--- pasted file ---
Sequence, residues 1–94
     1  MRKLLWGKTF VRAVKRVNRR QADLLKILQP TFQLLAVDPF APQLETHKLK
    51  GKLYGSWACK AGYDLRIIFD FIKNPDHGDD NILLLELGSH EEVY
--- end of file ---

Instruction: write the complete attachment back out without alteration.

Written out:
Sequence, residues 1–94
     1  MRKLLWGKTF VRAVKRVNRR QADLLKILQP TFQLLAVDPF APQLETHKLK
    51  GKLYGSWACK AGYDLRIIFD FIKNPDHGDD NILLLELGSH EEVY